The document concludes that in most prairie wetlands the possibility of ongoing or recent past exposure to excessive sedimentation is probably best indicated by species composition of algae and invertebrates, with emphasis on the epibenthic forms (organisms that live on the top surfaces of the sediment). Epibenthic and epiphytic algae and invertebrates are also useful indicators of excessive enrichment, removal of vegetative cover, and turbidity that is occurring either currently or during past years as determined by analysis of decay-resistant remains. Ongoing or recent past changes of water regime and salinity, as well as overgrazing, in individual wetlands are perhaps best indicated by species composition of vascular plant communities. Longer-term changes in these factors can be inferred by examining seed banks and decay-resistant remains of invertebrates. Exposure to pesticides and heavy metal contaminants can sometimes be inferred from species composition of invertebrates and from various biomarkers in amphibians and birds. For bioaccumulative contaminants, tissues of individual plants and birds can be examined. Birds are also uniquely valuable for spatially integrating information on the hydrologic stresses to wetlands across entire regions.

This document was prepared at the EPA National Health and Environmental Effects Research Laboratory, Western Ecology Division, in Corvallis, Oregon, through Contract 68-C4-0019 to ManTech Environmental Research Services Corp. It was subjected to the Agency's peer and administrative review and approved for publication. Mention of trade names or commercial products does not constitute endorsement or recommendation for use.

Preferred citation:

Adamus, P.R. 1996. Bioindicators for assessing ecological integrity of prairie wetlands. EPA/600/R-96/082. Corvallis, OR: U.S. Environmental Protection Agency, Environmental Research Laboratory.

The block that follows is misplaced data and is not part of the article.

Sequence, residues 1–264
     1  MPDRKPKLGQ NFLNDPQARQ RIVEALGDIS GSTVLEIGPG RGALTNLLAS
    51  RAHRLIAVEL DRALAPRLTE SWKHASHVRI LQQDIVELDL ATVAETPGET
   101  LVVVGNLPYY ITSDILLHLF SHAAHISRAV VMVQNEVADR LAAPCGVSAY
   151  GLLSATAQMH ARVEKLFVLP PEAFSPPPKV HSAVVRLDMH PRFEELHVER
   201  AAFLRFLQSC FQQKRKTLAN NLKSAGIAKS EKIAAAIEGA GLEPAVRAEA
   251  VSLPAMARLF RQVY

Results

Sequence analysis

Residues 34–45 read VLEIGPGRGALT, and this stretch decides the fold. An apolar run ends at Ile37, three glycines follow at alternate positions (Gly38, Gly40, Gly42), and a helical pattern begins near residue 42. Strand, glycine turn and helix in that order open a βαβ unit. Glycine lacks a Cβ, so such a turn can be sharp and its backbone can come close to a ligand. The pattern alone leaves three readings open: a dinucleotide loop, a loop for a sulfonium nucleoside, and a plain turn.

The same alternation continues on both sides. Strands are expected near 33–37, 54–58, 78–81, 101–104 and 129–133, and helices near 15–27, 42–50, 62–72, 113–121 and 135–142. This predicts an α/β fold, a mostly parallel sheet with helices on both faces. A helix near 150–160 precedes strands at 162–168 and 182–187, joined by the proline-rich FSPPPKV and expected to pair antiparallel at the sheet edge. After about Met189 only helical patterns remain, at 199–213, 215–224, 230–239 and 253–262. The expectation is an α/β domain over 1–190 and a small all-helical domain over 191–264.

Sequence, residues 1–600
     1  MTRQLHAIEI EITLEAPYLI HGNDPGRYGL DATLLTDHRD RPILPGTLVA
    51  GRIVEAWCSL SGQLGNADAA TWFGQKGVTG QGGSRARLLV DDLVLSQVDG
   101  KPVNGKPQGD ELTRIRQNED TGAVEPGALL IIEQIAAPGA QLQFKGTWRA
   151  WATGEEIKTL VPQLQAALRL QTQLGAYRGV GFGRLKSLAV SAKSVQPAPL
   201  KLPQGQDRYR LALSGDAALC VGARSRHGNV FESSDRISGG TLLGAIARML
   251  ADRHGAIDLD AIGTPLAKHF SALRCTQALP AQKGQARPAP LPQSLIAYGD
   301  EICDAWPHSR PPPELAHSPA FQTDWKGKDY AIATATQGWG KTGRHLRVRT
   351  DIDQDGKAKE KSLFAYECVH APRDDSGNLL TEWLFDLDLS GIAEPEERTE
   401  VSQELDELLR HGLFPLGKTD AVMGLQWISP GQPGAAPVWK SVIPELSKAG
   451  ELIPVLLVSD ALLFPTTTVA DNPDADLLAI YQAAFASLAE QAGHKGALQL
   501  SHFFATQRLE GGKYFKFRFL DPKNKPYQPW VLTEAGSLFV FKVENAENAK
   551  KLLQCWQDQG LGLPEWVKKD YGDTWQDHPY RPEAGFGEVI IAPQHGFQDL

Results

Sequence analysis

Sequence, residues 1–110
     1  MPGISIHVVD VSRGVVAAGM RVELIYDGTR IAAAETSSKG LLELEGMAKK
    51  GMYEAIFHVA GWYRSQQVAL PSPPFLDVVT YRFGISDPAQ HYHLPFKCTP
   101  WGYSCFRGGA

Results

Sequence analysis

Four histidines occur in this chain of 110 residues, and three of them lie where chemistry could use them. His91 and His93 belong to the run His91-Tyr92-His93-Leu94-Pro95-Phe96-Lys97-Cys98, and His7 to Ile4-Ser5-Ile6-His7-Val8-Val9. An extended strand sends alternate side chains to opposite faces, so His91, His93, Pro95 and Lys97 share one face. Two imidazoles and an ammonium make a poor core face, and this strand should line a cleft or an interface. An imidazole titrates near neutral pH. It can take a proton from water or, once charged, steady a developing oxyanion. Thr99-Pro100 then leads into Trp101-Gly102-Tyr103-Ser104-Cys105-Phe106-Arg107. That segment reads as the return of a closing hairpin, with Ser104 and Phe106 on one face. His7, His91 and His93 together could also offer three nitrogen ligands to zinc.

Acknowledgments

This effort was conducted in support of the Risk Reduction component of EPA's Wetlands Research Program. Mary E. Kentula was the EPA Project Officer. Brooke Abbruzzese and Stephanie Gwin were the project managers for ManTech Environmental Research Corporation (MERSC). William Sanville and Naomi Detenbeck of the USEPA Environmental Research Laboratory - Duluth, and P. James Wigington of the USEPA Environmental Research Laboratory - Corvallis, were instrumental in focusing the study objectives. Ted Ernst performed the statistical analyses. Carol Roberts helped prepare the figures. The document benefitted greatly from the review comments of Loren Bahls, Walter Duffy, Chip Euliss, Susan Galatowitsch, Mark Gloutney, Hal Kantrud, Gary Krapu, Mark Hanson, Judy Helgen, Henry Murkin, and Louisa Squires. Cynthia Chapman of MERSC edited the document. The statistical analyses presented in this document would not have been possible without suggestions from Scott Urquehart, Oregon State University, and the gracious sharing of data sets by the following scientists:

Sam Droege,
Breeding Bird Survey, National Biological Service, Washington, DC

Walter Duffy,
Cooperative Fish and Wildlife Research Unit, National Biological Service, Brookings, SD

Ned (Chip) Euliss and David Mushet,
Northern Prairie Science Center, National Biological Service, Jamestown, ND

Susan Galatowitsch,
University of Minnesota, Minneapolis, MN

Mark Hanson,
Minnesota Dept. Natural Resources, Bemidji, MN

Lawrence Igl and Douglas Johnson,
Northern Prairie Science Center, National Biological Service, Jamestown, ND

Henry Murkin,
Institute for Wetland and Waterfowl Research, Oak Hammock Marsh, Manitoba

Louisa Squires,
Santa Clara Water Resources District, San Jose, CA (formerly Iowa State University)

The following scientists were especially helpful in informing me of relevant ongoing studies during a visit to the Northern Prairie Science Center: Lew Cowardin, Ray Greenwood, Larry Igl, Gary Krapu, and Jeff Price.